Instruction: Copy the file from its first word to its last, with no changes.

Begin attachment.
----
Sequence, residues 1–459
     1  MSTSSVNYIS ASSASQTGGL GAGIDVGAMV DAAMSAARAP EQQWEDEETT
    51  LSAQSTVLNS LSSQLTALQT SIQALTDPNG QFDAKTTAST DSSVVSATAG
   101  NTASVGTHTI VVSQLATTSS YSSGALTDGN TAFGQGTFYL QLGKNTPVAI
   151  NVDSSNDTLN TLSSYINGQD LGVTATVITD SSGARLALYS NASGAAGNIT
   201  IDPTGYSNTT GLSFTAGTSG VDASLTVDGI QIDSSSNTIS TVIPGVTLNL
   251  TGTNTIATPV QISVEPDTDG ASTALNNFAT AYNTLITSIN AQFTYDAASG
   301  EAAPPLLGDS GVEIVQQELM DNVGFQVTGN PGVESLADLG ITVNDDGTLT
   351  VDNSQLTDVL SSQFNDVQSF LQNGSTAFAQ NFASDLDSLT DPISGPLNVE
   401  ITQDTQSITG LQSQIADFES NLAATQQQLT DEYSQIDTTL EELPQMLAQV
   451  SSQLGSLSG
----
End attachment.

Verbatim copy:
Sequence, residues 1–459
     1  MSTSSVNYIS ASSASQTGGL GAGIDVGAMV DAAMSAARAP EQQWEDEETT
    51  LSAQSTVLNS LSSQLTALQT SIQALTDPNG QFDAKTTAST DSSVVSATAG
   101  NTASVGTHTI VVSQLATTSS YSSGALTDGN TAFGQGTFYL QLGKNTPVAI
   151  NVDSSNDTLN TLSSYINGQD LGVTATVITD SSGARLALYS NASGAAGNIT
   201  IDPTGYSNTT GLSFTAGTSG VDASLTVDGI QIDSSSNTIS TVIPGVTLNL
   251  TGTNTIATPV QISVEPDTDG ASTALNNFAT AYNTLITSIN AQFTYDAASG
   301  EAAPPLLGDS GVEIVQQELM DNVGFQVTGN PGVESLADLG ITVNDDGTLT
   351  VDNSQLTDVL SSQFNDVQSF LQNGSTAFAQ NFASDLDSLT DPISGPLNVE
   401  ITQDTQSITG LQSQIADFES NLAATQQQLT DEYSQIDTTL EELPQMLAQV
   451  SSQLGSLSG